DESIGN GUIDE: MUSIC AND DRAMA CENTERS
CHAPTER 5: THE INTIMATE ROOM
fication brings to music what the television cam-
The audience can be placed unconventionally in
era brings to theater, a paradoxically close-in re-
an otherwise simple volume, which at once
moteness, an expansion of possibilities along
heightens awareness of the overall singular
with preselection and control of the delivered
space and the existence of two entities, audience
experience. In the extreme, electronic media
and performers, within it. In a basically Frontal
room like the small theater at Eugene Perform-
strip music and theater of the give and take be-
ing Arts Center, one senses an immediate con-
tween performers and audience, and it is that
communion which live music and theaterand
frontation as the audience advances on the per-
former from two directions. At Simon's Rock,
the Army's MDC programseek to restore and
where dance movement demanded a diagonal
placement to increase stage dimension, the per-
The attempt to unite audience and performer
formance space seems to cut off and work on
creates a conflict in architectural objectives.
the audience. Stage extensions which provide a
Most of the examples illustrated use an archi-
greater variety of entrances also reinforce the
tectural language that acknowledges dissimilar
impact of the diagonal.
elements, unlikely juxtapositions and frank util-
ity to create a whole understandable for the con-
The audience can be made more aware of itself,
trasts among parts. Each has been crafted in its
which increases the impression of intimacy.
Boettcher Concert Hall seats 2,750 listeners
own way, making no assertions about absolute
correctness or universality. However, it can be
in a Surround relationship. But the room's ge-
said each addresses the objective of intensifying
ometry has no single focal point. Each portion
the audience-performer interaction by using the
of seating is placed at a different level and angle
resources at hand.
of vision, each occupant has a "special" place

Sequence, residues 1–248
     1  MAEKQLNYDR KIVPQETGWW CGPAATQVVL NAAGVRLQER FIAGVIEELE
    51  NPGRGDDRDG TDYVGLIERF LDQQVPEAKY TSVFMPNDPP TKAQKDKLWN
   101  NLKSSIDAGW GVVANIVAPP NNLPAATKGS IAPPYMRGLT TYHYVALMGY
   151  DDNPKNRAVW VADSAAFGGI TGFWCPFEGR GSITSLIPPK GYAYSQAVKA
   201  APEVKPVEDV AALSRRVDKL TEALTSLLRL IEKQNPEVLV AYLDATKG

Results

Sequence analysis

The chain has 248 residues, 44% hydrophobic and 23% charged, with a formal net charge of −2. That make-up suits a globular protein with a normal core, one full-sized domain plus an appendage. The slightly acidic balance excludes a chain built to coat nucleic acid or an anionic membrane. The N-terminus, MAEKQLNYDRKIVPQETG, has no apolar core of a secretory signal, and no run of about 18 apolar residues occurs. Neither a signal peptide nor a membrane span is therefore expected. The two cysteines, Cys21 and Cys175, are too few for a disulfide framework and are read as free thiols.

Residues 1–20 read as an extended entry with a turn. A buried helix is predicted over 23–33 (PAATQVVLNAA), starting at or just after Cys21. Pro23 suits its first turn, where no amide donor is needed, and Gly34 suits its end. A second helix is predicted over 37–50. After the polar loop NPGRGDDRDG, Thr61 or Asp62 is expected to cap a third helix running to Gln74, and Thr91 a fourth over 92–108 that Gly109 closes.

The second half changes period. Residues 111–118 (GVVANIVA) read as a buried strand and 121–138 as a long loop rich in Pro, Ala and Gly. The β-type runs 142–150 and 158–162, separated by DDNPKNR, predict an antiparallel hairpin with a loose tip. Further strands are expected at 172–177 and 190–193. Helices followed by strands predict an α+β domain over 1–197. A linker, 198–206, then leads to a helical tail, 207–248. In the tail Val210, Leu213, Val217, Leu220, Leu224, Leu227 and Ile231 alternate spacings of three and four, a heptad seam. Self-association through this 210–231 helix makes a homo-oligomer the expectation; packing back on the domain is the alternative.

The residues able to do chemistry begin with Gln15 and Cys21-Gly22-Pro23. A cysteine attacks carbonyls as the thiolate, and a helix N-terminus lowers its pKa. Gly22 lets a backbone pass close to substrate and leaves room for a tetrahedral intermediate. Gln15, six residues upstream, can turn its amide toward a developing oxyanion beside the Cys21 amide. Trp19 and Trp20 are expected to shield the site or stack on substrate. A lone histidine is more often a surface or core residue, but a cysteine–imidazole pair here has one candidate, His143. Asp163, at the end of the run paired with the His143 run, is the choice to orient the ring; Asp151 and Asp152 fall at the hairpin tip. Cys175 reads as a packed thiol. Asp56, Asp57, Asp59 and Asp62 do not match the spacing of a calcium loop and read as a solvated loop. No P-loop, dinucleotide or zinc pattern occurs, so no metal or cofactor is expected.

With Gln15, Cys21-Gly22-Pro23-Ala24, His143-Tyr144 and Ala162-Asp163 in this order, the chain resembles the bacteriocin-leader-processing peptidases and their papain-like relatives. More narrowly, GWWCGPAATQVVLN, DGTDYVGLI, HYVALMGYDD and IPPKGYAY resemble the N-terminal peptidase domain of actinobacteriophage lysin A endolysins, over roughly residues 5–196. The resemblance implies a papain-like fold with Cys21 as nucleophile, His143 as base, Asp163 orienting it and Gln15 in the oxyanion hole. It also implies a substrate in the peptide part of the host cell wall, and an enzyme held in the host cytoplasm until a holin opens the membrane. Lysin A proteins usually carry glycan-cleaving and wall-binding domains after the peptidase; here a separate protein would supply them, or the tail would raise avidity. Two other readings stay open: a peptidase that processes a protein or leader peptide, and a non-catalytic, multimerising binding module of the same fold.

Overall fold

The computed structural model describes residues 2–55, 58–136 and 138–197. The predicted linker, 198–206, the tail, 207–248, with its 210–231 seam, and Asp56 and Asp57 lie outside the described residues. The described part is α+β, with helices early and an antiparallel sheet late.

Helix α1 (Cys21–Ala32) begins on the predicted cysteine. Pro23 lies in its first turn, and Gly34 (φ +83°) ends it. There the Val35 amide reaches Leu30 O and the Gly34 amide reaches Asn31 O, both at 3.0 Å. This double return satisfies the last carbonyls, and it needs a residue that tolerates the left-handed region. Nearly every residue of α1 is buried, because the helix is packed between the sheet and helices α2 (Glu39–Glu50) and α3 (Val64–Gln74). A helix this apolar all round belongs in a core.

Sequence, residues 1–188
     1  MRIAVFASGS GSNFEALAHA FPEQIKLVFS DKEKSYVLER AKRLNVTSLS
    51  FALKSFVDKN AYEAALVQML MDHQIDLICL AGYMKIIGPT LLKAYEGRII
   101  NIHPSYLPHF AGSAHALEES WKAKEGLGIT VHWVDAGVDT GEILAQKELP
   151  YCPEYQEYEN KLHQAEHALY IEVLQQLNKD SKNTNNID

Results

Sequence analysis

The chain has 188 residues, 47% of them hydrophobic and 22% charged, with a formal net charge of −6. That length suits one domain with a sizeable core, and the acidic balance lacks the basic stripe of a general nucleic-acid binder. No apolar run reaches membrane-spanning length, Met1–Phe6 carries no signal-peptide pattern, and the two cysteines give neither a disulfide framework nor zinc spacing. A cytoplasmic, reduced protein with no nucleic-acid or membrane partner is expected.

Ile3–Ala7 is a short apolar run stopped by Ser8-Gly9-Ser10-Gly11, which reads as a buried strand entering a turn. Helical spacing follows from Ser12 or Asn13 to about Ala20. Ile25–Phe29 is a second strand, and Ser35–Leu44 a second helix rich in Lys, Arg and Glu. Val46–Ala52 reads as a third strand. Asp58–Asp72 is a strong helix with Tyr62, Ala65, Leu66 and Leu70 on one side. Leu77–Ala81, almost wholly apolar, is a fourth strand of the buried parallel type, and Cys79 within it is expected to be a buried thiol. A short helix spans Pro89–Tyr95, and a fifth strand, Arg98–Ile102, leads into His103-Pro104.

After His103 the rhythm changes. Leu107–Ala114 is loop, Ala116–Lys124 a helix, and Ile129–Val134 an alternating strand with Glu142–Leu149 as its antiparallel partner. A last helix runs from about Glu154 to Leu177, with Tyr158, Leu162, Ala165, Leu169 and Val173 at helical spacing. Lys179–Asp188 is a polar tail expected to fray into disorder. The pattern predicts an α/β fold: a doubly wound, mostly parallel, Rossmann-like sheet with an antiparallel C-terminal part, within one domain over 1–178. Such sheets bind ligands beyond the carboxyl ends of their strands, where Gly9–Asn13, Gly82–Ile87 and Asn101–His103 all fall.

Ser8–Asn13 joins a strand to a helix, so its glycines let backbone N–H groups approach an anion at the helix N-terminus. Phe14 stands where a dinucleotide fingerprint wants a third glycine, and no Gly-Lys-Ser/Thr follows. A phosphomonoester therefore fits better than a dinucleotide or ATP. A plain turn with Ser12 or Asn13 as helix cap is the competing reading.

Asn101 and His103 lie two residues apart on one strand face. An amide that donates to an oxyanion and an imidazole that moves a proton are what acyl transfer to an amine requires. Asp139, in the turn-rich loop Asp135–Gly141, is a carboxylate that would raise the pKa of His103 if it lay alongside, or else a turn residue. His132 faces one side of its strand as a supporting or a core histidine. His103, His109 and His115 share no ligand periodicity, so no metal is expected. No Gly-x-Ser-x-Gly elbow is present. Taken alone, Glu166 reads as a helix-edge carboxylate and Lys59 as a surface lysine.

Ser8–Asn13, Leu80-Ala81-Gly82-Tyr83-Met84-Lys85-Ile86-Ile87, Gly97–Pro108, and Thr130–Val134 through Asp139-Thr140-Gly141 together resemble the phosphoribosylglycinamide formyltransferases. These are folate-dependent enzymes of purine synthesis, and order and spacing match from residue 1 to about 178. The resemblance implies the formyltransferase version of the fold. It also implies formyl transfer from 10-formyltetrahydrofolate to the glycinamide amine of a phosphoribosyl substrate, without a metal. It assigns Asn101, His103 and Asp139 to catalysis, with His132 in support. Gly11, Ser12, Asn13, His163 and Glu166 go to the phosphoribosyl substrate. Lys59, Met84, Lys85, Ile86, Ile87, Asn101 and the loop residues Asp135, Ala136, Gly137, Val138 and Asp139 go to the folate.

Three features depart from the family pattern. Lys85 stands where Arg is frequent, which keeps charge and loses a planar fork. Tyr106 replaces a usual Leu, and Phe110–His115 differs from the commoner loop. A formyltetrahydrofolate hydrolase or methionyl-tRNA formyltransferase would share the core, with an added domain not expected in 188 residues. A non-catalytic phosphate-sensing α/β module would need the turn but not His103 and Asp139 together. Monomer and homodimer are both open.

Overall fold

but is made aware of the rest of the audience.
The audience can be encouraged to explore vis-
ually a great variety of materials, textures and
confronts the performers on all sides, and they
objects taken out of everyday context and set in
must actively address themselves to their
u n e x p e c t e d j u x t a p o s i t i o n . New Lafayette
Theater invites the observer's participation in
figuring out the room, which is composed of
The audience's expectations of traditional formal
glazed tile, expanded metal, marble, concrete,
characteristics can also be played on to refresh
plywood, corrugated plastic, lightbulbs and frag-
awareness of audience-performer relationship.
ments of opposing organization. It prepares the
One of the classical characteristics is symmetry.
audience for what takes place in three dimen-
At Playhouse in the Park, a geometrically con-
sions on the Thrust stage.
stant seating bowl meets an asymmetrical play-
ing area; their centerlines do not coincide. One
side of the audience is higher above stage than
the other as the performing area cuts through
and leads to entranceways at different angles.
At Fisher Theater, the audience is asymmetri-
cally arranged in two segments, which permits
the action to seep into the generous playing area
from all corners. Both solutions operate in an
active relationship rather than a static one.